A composite image of an elderly woman whose face is partly covered up by thick smog.
Report summary

Combining climate and health data: challenges and opportunities for longitudinal population studies

Longitudinal population studies (LPS) track the health of large groups of people over time. They can offer a glimpse into how various influences – like environmental, socioeconomic and genetic – can come together to affect an individual’s health throughout their life.

This report looks at whether LPS could be a useful way to research the impact of climate change on health. It also describes why the potential of combining this specific type of health data with climate information is not being fully realised, and highlights how the research community could capitalise on this opportunity.

Key findings 

Climate changes across a wide range of temporal and spatial scales, from hours to centuries and from streets to continents. As such, more investment is needed to carry out further research on climate and longitudinal population data. Particularly, to inform our understanding of how best to adjust existing data and design new LPS to support climate and health research.

This report identifies challenges that need to be addressed to achieve this aim.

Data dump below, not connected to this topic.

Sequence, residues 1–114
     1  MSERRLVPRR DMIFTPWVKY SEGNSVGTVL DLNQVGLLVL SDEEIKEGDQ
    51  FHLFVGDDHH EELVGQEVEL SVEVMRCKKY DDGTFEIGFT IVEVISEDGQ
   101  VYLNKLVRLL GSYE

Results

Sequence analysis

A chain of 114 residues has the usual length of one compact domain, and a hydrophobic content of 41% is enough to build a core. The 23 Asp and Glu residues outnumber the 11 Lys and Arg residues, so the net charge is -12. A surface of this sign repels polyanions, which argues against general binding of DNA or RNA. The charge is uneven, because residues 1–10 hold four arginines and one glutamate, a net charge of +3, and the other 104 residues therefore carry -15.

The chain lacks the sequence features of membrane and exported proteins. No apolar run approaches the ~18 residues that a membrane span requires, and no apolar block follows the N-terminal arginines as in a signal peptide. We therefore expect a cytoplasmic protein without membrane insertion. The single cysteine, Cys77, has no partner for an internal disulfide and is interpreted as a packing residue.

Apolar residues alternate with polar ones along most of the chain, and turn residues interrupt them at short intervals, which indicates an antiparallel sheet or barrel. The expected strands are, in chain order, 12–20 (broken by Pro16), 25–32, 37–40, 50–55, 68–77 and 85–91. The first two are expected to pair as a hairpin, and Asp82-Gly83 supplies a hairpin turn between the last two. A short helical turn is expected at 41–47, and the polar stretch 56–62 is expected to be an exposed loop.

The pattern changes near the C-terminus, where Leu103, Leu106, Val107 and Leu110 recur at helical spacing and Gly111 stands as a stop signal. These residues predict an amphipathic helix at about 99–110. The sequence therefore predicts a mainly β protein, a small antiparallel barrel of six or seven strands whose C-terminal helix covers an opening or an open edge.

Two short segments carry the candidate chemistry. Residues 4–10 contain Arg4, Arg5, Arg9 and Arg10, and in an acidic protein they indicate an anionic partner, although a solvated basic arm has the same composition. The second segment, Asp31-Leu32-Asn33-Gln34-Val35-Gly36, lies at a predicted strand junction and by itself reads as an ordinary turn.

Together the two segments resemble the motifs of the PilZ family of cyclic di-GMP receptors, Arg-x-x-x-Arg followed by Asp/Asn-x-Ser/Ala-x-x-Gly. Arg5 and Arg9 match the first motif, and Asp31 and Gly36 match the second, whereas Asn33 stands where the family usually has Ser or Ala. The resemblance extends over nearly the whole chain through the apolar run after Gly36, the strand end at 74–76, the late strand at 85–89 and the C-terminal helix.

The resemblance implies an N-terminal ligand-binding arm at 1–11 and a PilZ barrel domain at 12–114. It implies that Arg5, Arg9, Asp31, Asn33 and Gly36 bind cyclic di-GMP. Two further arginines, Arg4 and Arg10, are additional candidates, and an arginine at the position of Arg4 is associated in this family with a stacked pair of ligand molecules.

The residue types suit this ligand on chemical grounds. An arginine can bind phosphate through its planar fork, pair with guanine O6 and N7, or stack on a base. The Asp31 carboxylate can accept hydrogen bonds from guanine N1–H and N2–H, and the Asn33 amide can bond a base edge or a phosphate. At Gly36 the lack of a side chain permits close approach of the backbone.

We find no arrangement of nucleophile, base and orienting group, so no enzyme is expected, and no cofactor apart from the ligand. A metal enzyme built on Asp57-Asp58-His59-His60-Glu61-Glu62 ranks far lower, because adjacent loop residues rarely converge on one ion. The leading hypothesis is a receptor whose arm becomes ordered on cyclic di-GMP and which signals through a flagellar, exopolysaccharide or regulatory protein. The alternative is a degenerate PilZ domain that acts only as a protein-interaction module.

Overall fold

• It is unclear whether current climate data is relevant to understanding the health impacts of climate. To find out how climate-induced natural disasters impact health, we need strategic data collection after an event to compare with an established baseline. For long-term climate trends, we likely need multi-generational information.
  • Spatial scale must be addressed. Climate observations are collected at multiple fixed physical spaces like weather stations. This means variations between sparsely located stations must be modelled and are therefore less certain. Changes must be applied to account for this.


  • Find out where it is feasible to answer research questions on the impacts of climate change on human health using LPS.
  • Commission selected groups to consider how they could reorient some of their work towards climate-health research.
  • Advocate to the World Meteorological Organization for the inclusion of the health sector as a priority user for the services of national meteorological agencies.
  • Propose meteorological data and services requirements to address climate health.

This report and its recommendations serve as an important step in developing a vision for the Wellcome Trust’s Climate and Health agenda.


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